Sun's motto, or core value proposition, for Java is "Write once, run anywhere." Java makes it easy to write portable programs, but Java programs do not automatically run successfully on any Java platform. The following tips help to avoid portability problems. Portability rules like those listed here were the focus of Sun's now-defunct "100% Pure Java" certification program and branding campaign.
Portable Java code can use any methods in
the core Java APIs, including methods implemented as
native methods. However, portable code must not
define its own native methods. By their very nature, native methods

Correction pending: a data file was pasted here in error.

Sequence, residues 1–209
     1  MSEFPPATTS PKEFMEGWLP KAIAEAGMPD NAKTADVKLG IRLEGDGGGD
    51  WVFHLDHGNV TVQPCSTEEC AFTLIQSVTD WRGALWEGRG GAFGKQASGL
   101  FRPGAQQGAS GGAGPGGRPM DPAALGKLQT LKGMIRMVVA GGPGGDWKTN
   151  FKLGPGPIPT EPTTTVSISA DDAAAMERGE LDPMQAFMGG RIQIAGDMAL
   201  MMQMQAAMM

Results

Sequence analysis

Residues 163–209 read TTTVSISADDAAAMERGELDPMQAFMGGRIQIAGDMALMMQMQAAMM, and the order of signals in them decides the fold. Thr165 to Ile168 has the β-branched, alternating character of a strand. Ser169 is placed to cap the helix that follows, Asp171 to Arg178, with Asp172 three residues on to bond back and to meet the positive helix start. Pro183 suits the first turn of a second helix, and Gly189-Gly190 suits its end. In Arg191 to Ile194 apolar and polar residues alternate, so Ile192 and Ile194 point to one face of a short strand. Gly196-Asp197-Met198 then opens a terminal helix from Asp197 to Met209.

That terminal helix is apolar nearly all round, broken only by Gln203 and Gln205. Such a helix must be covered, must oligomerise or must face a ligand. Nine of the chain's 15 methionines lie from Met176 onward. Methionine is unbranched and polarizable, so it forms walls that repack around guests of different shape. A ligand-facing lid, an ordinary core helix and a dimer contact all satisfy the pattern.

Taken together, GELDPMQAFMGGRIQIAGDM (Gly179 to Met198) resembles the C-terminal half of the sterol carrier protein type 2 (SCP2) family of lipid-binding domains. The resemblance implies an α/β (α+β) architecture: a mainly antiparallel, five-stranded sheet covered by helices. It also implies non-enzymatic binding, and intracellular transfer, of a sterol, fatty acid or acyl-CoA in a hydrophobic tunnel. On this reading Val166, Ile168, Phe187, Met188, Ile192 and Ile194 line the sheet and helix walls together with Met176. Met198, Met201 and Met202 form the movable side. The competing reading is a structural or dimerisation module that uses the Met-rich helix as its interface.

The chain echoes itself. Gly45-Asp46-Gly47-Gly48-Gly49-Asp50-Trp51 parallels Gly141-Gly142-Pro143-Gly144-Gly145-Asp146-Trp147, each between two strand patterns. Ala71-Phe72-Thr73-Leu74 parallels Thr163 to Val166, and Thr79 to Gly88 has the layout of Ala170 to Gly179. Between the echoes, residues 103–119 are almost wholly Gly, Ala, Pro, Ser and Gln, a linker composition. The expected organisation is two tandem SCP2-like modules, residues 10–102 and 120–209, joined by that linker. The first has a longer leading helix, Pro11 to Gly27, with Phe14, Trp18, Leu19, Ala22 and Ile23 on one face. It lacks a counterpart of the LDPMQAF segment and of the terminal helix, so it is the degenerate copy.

must be ported to each new platform, so they directly subvert the
"Write once, run anywhere" promise
Runtime.exec( ) method to spawn a process and
execute an external command on the native system is rarely allowed in
portable code. This is because the native OS command to be executed
is never guaranteed to exist or behave the same way on all platforms.
The only time it is legal to use
is when the user is allowed to specify the command to run, either by
typing the command at runtime or by specifying the command in a
configuration file or preferences dialog box.
System.getenv() is nonportable. The method was
deprecated but has been reintroduced in Java
Portable Java code must use only classes and interfaces ...